Resolving empirical inconsistencies concerning priming, frequency, and nonword foils in lexical decision.

Greg Stone, G. C. Van Orden

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Abstract

Two inconsistencies in the priming literature were investigated. Schuberth and Eimas (1977) reported that semantic priming and frequency have additive effects on RTs in lexical decision tasks, whereas Becker (1979) reported that the same two factors interact. Furthermore, Shulman and Davison (1977) reported greater priming given legal vs. illegal nonword foils, whereas Stone and Van Orden (1989) found no difference in the same situation. The present study investigated these inconsistencies by manipulating nonword foil lexicality (i.e., the similarity of nonword foils to words), semantic priming, and word frequency in two lexical decision experiments. In a facilitation dominant, controlled priming experiment (i.e., long prime-target onset asynchronies and a high proportion of related prime s), the priming benefit (related vs. neutral primes) and the significant interaction of priming benefit and word frequency were unaffected by nonword foil lexicality. Given pronounceable nonword foils, there were no priming costs (unrelated vs. neutral primes). However, given illegal nonword foils, words preceded by unrelated primes were recognized more rapidly than words preceded by neutral primes (a "reversed" cost). In an automatic priming experiment (i.e., brief prime-target onset asynchronies and a lower proportion of related primes), there was no significant interaction of priming benefit and frequency. Implications for resolving the two empirical inconsistencies are discussed.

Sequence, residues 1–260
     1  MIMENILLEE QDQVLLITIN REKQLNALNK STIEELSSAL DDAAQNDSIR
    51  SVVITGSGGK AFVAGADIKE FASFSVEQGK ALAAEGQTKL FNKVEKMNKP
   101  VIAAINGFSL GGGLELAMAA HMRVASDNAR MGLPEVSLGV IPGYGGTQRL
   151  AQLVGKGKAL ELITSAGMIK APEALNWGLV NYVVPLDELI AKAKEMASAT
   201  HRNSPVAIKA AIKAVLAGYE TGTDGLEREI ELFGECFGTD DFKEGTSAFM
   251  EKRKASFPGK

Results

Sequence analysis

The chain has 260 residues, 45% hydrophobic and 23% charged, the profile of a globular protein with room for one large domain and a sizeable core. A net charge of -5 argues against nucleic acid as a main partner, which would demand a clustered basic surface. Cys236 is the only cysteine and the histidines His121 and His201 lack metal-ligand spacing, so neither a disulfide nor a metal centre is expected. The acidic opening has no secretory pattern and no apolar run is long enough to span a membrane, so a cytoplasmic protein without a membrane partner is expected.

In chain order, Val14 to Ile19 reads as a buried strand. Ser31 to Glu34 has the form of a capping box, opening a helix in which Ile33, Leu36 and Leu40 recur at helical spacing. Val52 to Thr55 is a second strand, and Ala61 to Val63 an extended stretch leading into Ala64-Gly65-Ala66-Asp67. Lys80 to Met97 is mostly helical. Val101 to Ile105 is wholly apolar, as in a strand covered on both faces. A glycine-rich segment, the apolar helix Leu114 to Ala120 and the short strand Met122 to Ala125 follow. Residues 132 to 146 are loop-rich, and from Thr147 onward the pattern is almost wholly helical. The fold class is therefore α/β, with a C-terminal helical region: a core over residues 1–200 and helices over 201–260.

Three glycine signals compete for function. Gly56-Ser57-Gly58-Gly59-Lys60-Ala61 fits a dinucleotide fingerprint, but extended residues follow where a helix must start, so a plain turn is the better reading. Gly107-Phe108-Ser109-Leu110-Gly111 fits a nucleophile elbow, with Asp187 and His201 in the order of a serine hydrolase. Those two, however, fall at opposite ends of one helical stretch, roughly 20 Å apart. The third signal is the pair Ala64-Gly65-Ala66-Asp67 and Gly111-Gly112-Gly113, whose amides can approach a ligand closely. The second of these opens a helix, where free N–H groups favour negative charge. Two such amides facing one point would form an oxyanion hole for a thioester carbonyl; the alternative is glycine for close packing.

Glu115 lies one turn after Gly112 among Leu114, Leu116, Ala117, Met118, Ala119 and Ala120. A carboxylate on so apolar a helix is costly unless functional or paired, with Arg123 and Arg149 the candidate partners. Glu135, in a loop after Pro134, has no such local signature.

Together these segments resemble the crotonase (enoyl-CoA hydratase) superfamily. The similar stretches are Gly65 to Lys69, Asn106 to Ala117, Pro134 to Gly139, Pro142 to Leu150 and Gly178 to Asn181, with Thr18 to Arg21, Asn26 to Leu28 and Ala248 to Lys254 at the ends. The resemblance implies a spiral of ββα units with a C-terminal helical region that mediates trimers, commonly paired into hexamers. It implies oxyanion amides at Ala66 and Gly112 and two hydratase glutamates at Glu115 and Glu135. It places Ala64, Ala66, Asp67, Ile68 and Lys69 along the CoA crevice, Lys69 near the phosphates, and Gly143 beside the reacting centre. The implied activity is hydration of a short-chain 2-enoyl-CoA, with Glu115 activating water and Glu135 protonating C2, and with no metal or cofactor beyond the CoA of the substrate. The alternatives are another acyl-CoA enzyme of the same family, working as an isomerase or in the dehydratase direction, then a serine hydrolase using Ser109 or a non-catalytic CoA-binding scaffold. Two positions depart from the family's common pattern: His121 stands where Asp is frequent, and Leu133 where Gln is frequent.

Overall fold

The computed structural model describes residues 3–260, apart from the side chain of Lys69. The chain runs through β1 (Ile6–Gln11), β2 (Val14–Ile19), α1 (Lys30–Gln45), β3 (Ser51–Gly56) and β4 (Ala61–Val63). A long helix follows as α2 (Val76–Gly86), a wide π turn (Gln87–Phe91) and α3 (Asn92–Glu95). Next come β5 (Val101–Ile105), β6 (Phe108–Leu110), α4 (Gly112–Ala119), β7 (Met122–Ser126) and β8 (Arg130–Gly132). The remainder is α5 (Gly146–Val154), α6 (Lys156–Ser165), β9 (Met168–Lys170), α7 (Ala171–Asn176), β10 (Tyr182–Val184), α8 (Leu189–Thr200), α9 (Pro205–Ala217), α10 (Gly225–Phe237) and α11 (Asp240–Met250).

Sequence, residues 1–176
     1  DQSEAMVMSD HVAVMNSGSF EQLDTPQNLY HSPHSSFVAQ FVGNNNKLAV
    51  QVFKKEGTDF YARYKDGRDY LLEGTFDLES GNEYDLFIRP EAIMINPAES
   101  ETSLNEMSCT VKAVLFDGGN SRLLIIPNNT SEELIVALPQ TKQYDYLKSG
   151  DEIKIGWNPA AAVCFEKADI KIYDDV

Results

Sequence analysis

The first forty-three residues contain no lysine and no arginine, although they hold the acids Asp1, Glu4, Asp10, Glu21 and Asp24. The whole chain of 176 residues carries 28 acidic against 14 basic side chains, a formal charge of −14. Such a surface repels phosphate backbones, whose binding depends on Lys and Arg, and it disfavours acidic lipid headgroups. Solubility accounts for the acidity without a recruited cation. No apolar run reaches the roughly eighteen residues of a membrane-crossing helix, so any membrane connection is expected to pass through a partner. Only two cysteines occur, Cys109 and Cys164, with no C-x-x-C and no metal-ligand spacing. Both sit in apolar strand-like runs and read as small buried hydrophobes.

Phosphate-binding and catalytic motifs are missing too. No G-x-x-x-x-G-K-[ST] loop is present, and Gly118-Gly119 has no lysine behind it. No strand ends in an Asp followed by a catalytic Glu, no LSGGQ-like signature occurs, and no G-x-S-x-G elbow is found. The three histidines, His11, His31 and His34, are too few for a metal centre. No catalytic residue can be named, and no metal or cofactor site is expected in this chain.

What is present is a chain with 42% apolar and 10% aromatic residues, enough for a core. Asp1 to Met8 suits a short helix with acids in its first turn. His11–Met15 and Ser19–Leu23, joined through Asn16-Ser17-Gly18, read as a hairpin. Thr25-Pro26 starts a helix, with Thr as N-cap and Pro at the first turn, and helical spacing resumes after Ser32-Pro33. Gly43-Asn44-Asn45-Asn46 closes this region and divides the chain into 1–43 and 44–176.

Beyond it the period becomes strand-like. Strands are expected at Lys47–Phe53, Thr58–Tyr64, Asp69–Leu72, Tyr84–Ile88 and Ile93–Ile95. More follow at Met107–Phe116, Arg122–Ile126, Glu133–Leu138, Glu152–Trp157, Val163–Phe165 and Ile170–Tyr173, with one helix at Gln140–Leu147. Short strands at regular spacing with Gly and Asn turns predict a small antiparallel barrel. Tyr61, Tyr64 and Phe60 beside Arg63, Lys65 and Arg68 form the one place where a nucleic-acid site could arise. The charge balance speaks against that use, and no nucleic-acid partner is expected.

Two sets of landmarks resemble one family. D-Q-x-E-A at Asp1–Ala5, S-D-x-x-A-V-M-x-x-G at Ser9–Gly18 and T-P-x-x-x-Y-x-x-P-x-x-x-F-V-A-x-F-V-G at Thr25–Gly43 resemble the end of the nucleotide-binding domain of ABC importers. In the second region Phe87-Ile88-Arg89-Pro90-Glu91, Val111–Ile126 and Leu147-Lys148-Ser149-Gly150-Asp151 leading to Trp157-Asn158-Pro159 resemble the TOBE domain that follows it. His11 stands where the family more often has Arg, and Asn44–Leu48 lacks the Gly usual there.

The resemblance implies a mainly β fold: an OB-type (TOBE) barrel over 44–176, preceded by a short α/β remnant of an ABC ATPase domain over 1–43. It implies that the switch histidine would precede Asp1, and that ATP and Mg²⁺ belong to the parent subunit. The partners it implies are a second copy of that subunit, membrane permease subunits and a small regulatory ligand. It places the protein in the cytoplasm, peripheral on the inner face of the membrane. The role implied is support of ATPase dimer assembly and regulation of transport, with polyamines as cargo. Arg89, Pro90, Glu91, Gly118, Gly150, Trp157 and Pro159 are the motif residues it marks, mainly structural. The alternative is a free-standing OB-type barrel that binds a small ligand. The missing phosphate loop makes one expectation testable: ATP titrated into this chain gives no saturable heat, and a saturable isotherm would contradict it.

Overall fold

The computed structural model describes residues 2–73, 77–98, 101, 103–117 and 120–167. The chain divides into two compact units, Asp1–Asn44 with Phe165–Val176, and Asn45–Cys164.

Original languageEnglish (US)
Pages (from-to) Pt 3/-
JournalLanguage and speech
Volume35
StatePublished - Jul 1 1992

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ASJC Scopus subject areas

  • Language and Linguistics
  • Sociology and Political Science
  • Linguistics and Language
  • Speech and Hearing

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